Mandela’s daughter ‘positive for COVID’

Zindzi Mandela’s grieving son has confirmed she had coronavirus at the time of her death – although it is not yet known whether it was the virus that ultimately killed her.

The youngest daughter of anti-Apartheid activists Nelson and Winnie Mandela as serving as the ambassador to Denmark at the time of her death at age 59, a position she had held since 2015.

Local media reports indicate Zindzi Mandela passed away early on Monday morning at a hospital in Johannesburg, and she is survived by her four children, husband Molapo Motlhajwa and older sister Zenani, 61.

Today, son Zondwa Mandela told South African broadcaster SABC it didn’t necessarily mean she died of complications related to the illness.

“My mother did in fact test positive for COVID-19 on the day of her passing,” he said.

“Although, this doesn’t therefore mean that she died of Covid-related complications, but simply that she tested positive for it.

“Simply by the virtue that there was a positive test, we are therefore obligated to function and work within the framework of the existing regulation related to such cases.”

The family will now await a formal autopsy report to determine the cause of death.

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Ms Mandela’s famous father died in December 2013, while her mother Winnie Madikizela-Mandela passed away in April 2018.

She was Nelson Mandela’s sixth child and his second with second wife Winnie Madikizela-Mandela.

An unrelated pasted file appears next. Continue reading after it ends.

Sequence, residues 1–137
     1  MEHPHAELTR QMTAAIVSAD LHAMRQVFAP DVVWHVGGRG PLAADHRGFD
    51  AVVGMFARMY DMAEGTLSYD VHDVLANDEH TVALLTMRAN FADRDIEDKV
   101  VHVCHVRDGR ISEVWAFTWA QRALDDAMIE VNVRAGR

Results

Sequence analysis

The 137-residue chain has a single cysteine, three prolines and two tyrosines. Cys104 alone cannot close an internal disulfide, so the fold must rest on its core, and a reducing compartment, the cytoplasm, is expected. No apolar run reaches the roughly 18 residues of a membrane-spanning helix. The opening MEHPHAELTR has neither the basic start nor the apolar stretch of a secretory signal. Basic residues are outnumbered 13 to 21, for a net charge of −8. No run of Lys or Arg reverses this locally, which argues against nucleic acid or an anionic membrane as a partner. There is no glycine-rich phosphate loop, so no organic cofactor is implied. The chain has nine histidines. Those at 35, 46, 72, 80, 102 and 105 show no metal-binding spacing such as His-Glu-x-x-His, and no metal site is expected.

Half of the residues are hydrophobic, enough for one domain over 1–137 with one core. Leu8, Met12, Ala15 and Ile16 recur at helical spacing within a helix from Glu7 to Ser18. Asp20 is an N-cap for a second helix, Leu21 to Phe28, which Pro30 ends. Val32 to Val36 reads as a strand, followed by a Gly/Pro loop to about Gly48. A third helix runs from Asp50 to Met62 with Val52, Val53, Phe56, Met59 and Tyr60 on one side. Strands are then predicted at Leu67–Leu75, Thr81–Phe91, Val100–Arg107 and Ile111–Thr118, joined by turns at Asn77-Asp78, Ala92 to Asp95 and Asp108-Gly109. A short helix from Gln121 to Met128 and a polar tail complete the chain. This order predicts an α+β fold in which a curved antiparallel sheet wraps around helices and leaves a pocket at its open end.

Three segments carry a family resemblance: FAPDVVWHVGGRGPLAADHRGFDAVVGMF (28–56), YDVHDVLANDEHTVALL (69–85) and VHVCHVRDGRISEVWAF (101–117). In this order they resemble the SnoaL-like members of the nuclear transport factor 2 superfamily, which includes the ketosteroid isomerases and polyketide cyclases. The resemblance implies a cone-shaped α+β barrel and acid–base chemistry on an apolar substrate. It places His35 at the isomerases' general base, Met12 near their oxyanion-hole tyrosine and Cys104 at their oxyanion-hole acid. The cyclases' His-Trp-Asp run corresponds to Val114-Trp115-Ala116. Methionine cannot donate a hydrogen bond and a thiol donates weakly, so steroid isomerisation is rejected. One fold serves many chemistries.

Zindzi Mandela was born on December 23, 1960 in Soweto, and her famous father was sent to prison when she was just 18 months old – where he remained until 1990.

Zindzi Mandela studied law at the University of Cape Town before following in her family’s political footsteps, temporarily serving as the nation’s First Lady following her father’s election and her parents’ divorce.

She held the position until Nelson Mandela married Graça Machel in 1998.

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However, she first made global headlines in 1985 after reading a letter penned by her father which rejected an offer from the government to release him from prison if he denounced violence carried out by his movement, the Africa National Congress, against the apartheid system.

Last June, Ms Mandela sparked controversy after her official Twitter account posted a series of divisive posts, referring to “trembling white cowards who are the thieving rapist descendants of Van Riebeck (sic)” and “uninvited visitors who don’t want to leave”.

Jan van Riebeeck was the Dutch colonial administrator who founded Cape Town in the 1600s and essentially paved the way for white settlement in Southern Africa.

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